He would permit violence if one cannot have so strong a moral force within him. His non-violence is one of strength and not of cowardice. Non-violence took the form of passive resilience, civil-disobedience and self-purification. Non-violence ac­cording to Gandhiji is not a negative concept. It is not pacifism or peace of the grave. Non-violence does not imply non-action or passive' submis­sion to evil'.

It is on the contrary a positive force of action through love and suffering. Ahimsa in the true sense is more powerful than any kind of violence ; it does not depend on matching of physical strength. It is much more powerful in changing the hearts of those against whom an action based on ahimsa is taken than the use of all the weaponry of the world.

Non-violence or Ahimsa as conceived by Gandhiji was a positive action capable of eradicating any evil howsoever entrenched it may be. Ahimsa requires a lot of moral force of character. It is a weapon of the strong and the brave and not of the weak and the coward.

(c) Aim of an individual is the realization of truth:

Kingdom of the Earth could not be his aim, nor could he prescribe it for anybody else. According to him, the supreme aim of individual life is the realization of Divinity. Violence, injustice, falsehood etc., being hindrances in this path, must be condemned.

The realization of aim of life is defined by Gandhiji not in material terms but in spiritual terms. It is realization of truth or God and not rich material conditions of life. It is possible only through doing good karmas and avoiding or abstaining from evil karmas.

(d) Importance of the Individual:

Each individual being the spark of truth must individually identify himself with the supreme Truth. Thus freedom of the individual is a sacred tenet of Gandhism. Society can only help the individual in the achievement of his goal; it should not put any obstacle in his way.

This led Gandhiji to condemn machinery and industrial organization. He was in favour of self sufficient village com­munities which provided the greatest amount of individual freedom.

Gandhiji conceives of an extremely individualist society, the functions of state in which are minimum. The state should only remove hindrances from the path of the individual. It can be possible only in a self-sufficing village economy. He was against centralized and highly industrialized economy.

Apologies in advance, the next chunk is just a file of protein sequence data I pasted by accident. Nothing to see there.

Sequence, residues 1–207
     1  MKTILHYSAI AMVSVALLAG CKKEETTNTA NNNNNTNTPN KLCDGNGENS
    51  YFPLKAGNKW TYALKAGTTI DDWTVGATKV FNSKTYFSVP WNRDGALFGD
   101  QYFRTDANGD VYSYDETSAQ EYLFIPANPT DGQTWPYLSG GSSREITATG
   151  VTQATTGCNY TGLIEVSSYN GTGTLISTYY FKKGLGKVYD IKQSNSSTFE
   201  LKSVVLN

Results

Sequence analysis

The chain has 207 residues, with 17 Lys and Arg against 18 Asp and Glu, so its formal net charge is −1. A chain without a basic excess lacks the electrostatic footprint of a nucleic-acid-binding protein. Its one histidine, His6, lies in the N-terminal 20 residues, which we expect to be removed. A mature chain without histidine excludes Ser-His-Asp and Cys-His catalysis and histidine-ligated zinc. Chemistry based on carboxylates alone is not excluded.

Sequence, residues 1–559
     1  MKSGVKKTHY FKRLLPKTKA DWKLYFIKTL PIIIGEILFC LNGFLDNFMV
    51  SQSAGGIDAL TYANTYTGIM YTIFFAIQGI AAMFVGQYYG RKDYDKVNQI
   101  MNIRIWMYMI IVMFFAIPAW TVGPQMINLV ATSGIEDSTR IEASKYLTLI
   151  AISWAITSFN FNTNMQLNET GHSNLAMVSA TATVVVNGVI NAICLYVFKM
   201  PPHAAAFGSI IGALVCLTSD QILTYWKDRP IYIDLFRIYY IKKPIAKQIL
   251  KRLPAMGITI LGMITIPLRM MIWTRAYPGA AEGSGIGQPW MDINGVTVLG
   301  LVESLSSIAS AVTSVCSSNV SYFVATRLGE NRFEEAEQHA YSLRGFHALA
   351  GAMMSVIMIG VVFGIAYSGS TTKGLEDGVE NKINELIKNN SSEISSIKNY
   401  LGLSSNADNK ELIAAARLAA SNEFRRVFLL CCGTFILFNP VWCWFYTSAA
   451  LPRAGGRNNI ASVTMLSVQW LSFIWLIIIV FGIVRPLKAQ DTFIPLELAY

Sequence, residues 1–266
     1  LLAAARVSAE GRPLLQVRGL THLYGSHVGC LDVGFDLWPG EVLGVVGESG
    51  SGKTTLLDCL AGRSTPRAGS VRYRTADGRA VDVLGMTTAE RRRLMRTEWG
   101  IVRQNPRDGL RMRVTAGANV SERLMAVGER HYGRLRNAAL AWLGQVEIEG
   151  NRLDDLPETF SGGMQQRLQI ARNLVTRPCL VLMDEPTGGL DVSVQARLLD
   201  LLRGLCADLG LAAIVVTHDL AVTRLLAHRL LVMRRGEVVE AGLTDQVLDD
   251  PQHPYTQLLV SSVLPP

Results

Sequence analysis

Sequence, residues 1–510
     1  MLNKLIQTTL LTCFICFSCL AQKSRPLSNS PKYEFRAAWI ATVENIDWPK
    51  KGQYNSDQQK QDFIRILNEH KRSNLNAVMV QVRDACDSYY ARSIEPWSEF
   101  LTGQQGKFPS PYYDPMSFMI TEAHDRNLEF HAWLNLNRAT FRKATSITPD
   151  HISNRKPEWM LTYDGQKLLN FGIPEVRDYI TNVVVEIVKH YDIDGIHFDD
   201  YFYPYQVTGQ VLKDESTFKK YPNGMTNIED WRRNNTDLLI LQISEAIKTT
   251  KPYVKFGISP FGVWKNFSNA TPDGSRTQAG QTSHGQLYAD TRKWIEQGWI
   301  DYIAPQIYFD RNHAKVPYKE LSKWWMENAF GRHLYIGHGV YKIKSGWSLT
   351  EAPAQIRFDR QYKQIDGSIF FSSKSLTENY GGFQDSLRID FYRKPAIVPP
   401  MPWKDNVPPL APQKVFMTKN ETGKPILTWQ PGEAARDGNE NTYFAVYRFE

Action of man should be spontaneous and not guided and controlled by an outside agency like the State. Life must be moral and spiritual. Slate is incompetent to improve such life as can enrich the individual morally and spiritually.

State and its laws directly and indi­rectly encroach upon the freedom of the individual. Not only this, he condemned state to be an embodiment of force. Since state is based on force and is highly centralized in its character it is bound to destroy individual liberty.

In one of the issues of Young India, Gandhiji said, "A Government is an instrument of service only in so for as it is based upon the will and consent of the people. It is an instrument of oppression when it enforces submission at the point of bayonet.

" In his opinion, individual is the end and the state is a means to that end. In other words, state can be sacrificed for the sake of individual if it stands in the way of his moral freedom.

(e) Gandhiji attached equal importance to both ends and means:

Good ends cannot be achieved through evil means. In Hind Swarajya, Gandhiji wrote as follows:

The means may be compared to the seed out of which a tree grows. If the seed is good, a good tree will sprout out of it. If the seed is bad, a bad tree will develop outof it. Same is the case with ends and means. Ends grow out of the means. We should, therefore, concentrate on means since the ends will be achieved automatically.

(f) Change of heart:

The change in society is to be brought about by changing the hearts and minds of men and not by bloody revolutions or coup detats. He believed that every individual has a conscience.

This is to be awakened. It is not possible to do so by any violent means. The only way is to stress upon self purification and moral influence. Satyagraha is the best solution. It is through Satyagraha that change of heart can be made possible.

(g) Belief in the voice of inner conscience or intuition:

Mahatma Gandhi believes in sense of perception or inner voice of conscience as a source of knowledge. All knowledge subjective or objective is influenced by personal ego. Intuition or voice of inner conscience is most depend­able source of acquiring knowledge.

It is based on sense-perception guided by supernatural elements. Intuition cannot be had by any and every person. It is a matter of spiritual practice, the results of which can be achieved through the vow of truth, the vow of Brahmcharya, the vow of Ahimsa, poverty, self denial and non-possession.

Points to Remember

Life is one and all human beings are the sparks of the same truth. Gandhiji believed in universal religion. He believed in good points of all the religions. God is all pervading and all-embracing.

All his politics was dominated by his religious views. A truly religious man does not make any distinction between man and man. He was a believer in non-violence. Ahimsa in the true sense is more powerful than the use of all the weapons of the world. It is a weapon of the brave and not those of the weak.

Gandhiji believed in the importance of the individual. He wanted to revive self-sufficient village communities wherein the state shall perform the minimum functions. Gandhi attached equal importance to ends and means. He was in favour of sacrificing means for the sake of ends.

He did not like to win independence of India through ignoble means. He. wanted to transform the social order through the change of heart and persuasion. Compulsion.of any sort had no place in his scheme of things. He believed in the inner voice of his conscience.